rule 5 draftThe Cubs didn’t select anyone in the first round of the 2016 Rule 5 Draft last week, but they did wind up with one of the top 10 picks.

Picking seventh overall, the Milwaukee Brewers selected left-hander Caleb Smith from the New York Yankees before immediately trading him to the Chicago Cubs for cash. That’d presumably be one of those pre-arranged deals.

Here’s what I had to say about Smith on the day of the draft:

Smith, 25, reached Triple-A for the first time in 2015, but threw 63.2 innings as a reliever for the Double-A Trenton Thunder in 2016. There, he finished with a mediocre 3.96 ERA, but a strong 3.15 FIP, thanks to excellent strikeout (25.1%) and walk (7.2%) rates.

Despite being traded to Chicago, Smith (and the Cubs) will still be subject to the rules of the Rule 5 Draft – meaning that they will have to keep Smith on their Major League roster for the entirety of the 2017 season (and/or up to 90 days on the DL) if they want to keep him in the organization beyond that (unless they could work out a minor trade to keep Smith, which does sometimes happen). So, given that we may actually see a fair bit of Smith in 2017 if the Cubs are serious about keeping him, it’s time to get to know him.

Smith, 25, was drafted by the New York Yankees in the 14th round of the 2013 MLB Draft (that’s Kris Bryant’s year! – Smith just came 432 picks later). Originally a starter, Smith has bounced back and forth between the rotation and the bullpen, before settling into something of a swing-man role in 2016.

A left-hander, Smith routinely operates with a low-90s fastball and solid-average changeup (Baseball America). His manager at Double-A Trenton, Bobby Mitchell, recently mentioned how sorely he’ll be missed. “Caleb really stands out to me,” explained Mitchell. “Here is a guy who we forced to go back and forth from the bullpen to the rotation; we really didn’t have a role for him in the early going. He had some struggles but by the end of the year he was unhittable.” Mitchell later added an anecdote about how opposing players used to come up to him at third base and mention that, despite knowing that his change-up was coming, they “still had no chance to hit it.”

Like we saw with the Cubs most recent three free-agent Minor League pitcher signings, sometimes you just have to target players with the right stuff, and hope your coaching staff and organizational infrastructure can get them where they need to be to get results. Unfortunately for Smith, he’ll be on something of a shorter timeline/leash, because he’ll have to prove his worth at the Major League level.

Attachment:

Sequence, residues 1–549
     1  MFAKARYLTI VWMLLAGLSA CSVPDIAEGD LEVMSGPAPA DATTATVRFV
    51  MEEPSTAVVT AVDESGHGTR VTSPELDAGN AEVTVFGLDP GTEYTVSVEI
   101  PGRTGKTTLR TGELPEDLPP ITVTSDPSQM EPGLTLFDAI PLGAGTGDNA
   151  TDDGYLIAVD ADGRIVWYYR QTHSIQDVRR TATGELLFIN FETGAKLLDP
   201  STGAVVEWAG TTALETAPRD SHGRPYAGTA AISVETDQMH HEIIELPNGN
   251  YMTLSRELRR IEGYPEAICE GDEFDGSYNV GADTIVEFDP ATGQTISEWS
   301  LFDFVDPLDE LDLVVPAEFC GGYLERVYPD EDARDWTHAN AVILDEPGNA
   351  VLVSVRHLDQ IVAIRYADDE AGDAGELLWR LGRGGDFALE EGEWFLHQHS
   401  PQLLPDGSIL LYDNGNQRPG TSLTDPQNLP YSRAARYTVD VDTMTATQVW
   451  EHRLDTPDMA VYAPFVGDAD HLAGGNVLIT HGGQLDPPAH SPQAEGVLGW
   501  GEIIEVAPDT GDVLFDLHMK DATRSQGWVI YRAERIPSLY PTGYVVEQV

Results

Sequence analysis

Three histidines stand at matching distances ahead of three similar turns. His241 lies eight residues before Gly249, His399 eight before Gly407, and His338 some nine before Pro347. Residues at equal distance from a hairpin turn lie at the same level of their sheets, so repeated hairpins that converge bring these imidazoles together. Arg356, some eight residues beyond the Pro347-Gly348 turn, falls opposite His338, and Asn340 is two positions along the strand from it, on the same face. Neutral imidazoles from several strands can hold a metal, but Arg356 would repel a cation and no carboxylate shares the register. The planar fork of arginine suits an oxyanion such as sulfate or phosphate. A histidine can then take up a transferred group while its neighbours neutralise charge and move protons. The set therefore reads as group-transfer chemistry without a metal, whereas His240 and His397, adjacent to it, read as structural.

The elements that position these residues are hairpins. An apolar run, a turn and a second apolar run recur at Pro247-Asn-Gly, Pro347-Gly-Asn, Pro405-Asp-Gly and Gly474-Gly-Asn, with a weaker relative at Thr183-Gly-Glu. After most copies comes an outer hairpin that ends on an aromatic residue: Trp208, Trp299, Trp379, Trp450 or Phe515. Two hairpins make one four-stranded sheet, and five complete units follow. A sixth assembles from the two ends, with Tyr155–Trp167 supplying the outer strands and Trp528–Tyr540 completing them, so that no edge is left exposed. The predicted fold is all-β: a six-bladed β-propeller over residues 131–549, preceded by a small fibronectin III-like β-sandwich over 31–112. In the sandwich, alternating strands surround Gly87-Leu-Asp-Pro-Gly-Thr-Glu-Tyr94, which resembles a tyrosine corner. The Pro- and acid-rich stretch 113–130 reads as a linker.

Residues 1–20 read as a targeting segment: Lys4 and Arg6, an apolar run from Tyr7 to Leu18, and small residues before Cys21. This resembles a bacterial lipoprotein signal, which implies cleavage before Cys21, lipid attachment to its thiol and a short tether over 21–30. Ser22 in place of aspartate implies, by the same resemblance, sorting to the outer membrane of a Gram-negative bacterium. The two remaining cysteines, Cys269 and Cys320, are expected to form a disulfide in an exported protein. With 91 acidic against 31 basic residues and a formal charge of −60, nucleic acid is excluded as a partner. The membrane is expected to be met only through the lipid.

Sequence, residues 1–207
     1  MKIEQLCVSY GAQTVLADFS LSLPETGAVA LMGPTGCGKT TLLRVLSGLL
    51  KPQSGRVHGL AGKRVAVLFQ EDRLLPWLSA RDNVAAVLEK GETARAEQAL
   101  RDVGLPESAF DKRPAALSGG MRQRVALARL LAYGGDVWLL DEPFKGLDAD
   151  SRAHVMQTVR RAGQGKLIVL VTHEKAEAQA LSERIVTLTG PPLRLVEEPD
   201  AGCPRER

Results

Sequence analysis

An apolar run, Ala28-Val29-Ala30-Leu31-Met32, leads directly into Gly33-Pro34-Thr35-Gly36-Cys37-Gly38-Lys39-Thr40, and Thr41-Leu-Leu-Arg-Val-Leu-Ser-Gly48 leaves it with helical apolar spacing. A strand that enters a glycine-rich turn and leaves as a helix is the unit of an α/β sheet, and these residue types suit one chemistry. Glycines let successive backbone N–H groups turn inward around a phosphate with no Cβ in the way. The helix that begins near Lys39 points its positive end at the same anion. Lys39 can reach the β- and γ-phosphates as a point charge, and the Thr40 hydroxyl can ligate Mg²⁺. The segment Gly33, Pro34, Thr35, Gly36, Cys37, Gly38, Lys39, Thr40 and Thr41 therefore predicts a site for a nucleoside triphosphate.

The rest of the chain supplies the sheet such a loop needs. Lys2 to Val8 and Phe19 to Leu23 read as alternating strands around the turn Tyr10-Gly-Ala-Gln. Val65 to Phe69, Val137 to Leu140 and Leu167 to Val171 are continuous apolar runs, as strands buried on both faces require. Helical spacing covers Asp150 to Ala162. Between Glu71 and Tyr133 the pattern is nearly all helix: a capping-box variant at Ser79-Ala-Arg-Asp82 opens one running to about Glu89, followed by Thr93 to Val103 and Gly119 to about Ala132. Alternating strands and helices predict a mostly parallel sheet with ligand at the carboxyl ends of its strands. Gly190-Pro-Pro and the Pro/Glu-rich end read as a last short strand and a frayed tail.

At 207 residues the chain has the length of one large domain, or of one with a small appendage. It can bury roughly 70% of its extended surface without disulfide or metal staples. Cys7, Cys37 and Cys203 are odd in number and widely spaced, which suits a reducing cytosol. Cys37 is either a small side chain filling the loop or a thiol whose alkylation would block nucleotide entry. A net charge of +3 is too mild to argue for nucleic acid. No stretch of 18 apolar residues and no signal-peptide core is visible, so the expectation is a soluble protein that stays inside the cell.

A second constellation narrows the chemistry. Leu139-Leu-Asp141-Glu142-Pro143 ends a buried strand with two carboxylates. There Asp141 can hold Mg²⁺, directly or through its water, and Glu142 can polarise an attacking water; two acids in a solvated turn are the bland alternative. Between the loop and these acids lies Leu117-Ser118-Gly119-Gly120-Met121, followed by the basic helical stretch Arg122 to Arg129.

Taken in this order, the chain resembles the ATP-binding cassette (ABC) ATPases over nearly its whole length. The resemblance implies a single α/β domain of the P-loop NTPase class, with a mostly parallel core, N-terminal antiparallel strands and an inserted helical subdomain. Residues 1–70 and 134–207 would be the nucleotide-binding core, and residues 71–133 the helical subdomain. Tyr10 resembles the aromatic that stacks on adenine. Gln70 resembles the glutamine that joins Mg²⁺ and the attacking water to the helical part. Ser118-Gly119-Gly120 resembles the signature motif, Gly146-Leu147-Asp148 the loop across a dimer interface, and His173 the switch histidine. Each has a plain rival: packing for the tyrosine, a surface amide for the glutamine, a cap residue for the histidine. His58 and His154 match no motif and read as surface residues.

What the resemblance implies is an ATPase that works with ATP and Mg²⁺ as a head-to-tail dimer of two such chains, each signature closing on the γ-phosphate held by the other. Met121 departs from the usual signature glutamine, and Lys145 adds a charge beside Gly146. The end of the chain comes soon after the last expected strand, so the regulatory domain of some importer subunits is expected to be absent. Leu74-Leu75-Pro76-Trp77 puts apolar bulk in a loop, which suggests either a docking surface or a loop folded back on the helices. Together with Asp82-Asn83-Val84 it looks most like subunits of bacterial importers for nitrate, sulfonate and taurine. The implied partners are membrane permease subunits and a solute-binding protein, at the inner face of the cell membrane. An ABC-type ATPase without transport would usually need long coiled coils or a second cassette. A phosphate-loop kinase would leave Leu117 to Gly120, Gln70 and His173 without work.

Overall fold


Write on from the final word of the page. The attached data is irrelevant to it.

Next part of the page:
For what it’s worth, Depth Charts is projecting Smith to finish with a 3.80 ERA (4.10 FIP) out of the Cubs bullpen this year, but it’s difficult to put too much stock in what they’re projecting it to be just a 10.0 inning sample, and it’s based on the whole of his minor league data. Instead, let’s take a closer look at his Double-A numbers last season, because there’s actually quite a bit by which to be encouraged.

As I mentioned previously, Smith underperformed his expected results by quite a bit. Typically, a 25.1% strikeout rate and a 7.2% walk rate will get you much further than a 3.96 ERA. Indeed, Smith dealt with a much lower than his usual strand rate (66.7%) and a much higher than his usual BABIP (.344).

Sometimes, that’s all it takes to make a good pitcher look bad.

But it’s not all positive signs under the hood. As a left-hander, Smith might seem like a good bet to stick in a bullpen that just lost a few of them, but he’s actually been a bit better against righties. According to Jim Callis’ scouting report, Smith “is actually more effective against right-handers because his best secondary offering is his changeup.”

Although it’s encouraging to know that Smith might excel against right-handers (because, frankly, reverse split pitchers can be very useful), I think he’d probably stand a better chance of sticking in the Cubs bullpen (and thus the organization), had he been a dominant LOOGY (maybe even one who greatly struggled with right-handers). So, then, he may have to be more of a full-inning or swing pitcher to stick.

Although the Cubs have already added lefty LOOGY-type Brian Duensing, and have added lefty-killer Koji Uehera as well, Smith’s most direct path in the pen feels like it depends on his ability to get left-handers out, at least in a swing-type role. With righties Wade Davis, Hector Rondon, Pedro Strop, Carl Edwards Jr., Justin Grimm, and Uehara already locked into the pen, Smith simply may not have many opportunities otherwise.

I suppose we’ll see where things stand when Spring Training rolls around.


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